Though it bathes the past in a rose-colored light, this novel delivers a lively glimpse of supposedly simpler times. 

Pub Date: Feb. 26, 2016

ISBN: 978-1-5043-4979-6

Page Count: 108

Publisher: BalboaPress

Review Posted Online: April 29, 2016

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A short, simple, and sweet tale about two friends and a horse.

Mary's Song

From the Dream Horse Adventure Series series , Vol. 1

A novel tells the story of two spirited girls who set out to save a lame foal in 1952.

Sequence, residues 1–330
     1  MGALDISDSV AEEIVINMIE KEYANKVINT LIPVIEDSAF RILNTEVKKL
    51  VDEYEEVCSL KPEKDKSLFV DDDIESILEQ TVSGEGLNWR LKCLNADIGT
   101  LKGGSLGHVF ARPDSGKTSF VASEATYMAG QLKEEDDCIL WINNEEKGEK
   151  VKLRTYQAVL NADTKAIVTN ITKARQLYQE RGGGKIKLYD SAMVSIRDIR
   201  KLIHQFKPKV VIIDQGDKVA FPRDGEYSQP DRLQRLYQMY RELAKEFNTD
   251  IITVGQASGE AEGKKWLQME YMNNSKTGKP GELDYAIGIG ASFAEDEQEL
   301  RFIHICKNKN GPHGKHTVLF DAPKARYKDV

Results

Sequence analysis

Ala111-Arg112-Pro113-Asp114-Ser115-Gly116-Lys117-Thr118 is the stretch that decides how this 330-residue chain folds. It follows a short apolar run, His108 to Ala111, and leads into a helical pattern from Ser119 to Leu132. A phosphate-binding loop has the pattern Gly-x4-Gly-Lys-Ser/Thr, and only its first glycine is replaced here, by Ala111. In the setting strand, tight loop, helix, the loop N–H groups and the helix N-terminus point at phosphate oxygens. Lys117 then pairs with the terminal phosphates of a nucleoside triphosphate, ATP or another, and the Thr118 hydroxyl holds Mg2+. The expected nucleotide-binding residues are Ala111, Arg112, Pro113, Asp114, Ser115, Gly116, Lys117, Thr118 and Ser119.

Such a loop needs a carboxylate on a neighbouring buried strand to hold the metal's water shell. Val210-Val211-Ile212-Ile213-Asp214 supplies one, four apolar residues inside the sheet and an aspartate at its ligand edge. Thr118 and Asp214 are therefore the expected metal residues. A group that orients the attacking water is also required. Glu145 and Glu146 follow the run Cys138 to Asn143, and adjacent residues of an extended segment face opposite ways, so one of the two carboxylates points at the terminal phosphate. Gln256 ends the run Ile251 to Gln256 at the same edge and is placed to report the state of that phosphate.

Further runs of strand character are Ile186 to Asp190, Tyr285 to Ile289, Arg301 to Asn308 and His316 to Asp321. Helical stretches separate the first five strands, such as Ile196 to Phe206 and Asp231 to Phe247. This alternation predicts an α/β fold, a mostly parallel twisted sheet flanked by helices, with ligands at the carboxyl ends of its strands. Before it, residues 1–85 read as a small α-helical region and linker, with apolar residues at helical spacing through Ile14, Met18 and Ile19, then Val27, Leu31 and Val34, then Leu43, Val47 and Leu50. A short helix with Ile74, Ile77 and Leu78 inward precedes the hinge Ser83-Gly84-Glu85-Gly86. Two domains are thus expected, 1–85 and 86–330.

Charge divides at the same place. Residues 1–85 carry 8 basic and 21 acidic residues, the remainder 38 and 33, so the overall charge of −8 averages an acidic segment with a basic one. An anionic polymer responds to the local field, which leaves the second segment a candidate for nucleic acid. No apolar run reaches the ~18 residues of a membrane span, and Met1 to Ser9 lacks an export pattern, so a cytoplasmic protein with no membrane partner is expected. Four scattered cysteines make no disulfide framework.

Mary, age 12, lacks muscle control of her legs and must use a wheelchair. Her life is constantly interrupted by trips with her widower father to assorted doctors, all of whom have failed to help her. Mary tolerates the treatments, hoping to one day walk unassisted, but her true passion involves horses. Possessing a library filled with horse books, she loves watching and drawing the animals at a neighboring farm. She longs to own one herself. But her father, overprotective due to her disability and his own lingering grief over Mary’s dead mother, makes her keep her distance. Mary befriends Laura, the emotionally neglected daughter of the wealthy neighboring farm owners, and the two share secret buggy rides. Both girls are attracted to Illusion, a beautiful red bay filly on the farm. Mary learns that Illusion is to be put down by a veterinarian because of a lame leg. Horrified, she decides to talk to the barn manager about the horse (“Isn’t it okay for her to live even if she’s not perfect? I think she deserves a chance”). Soon, Mary and Laura attempt to raise money to save Illusion. At the same time, Mary begins to gain control of her legs thanks to water therapy and secret therapeutic riding with Laura. There is indeed a great deal of poignancy in a story of a girl with a disability fighting to defend the intrinsic value of a lame animal. But this book, the first installment of the Dream Horse Adventure Series, would be twice as touching if Mary interacted with Illusion more. In the tale’s opening, she watches the foal from afar, but she actually spends very little time with the filly she tries so hard to protect. This turns out to be a strange development given the degree to which the narrative relies on her devotion. Count (Selah’s Sweet Dream, 2015) draws Mary and Laura in broad but believable strokes, defined mainly by their unrelenting pluckiness in the face of adversity. While the work tackles disability, death, and grief, Mary’s and Laura’s environments are so idyllic and their optimism and perseverance so remarkable that the story retains an aura of uncomplicated gentleness throughout.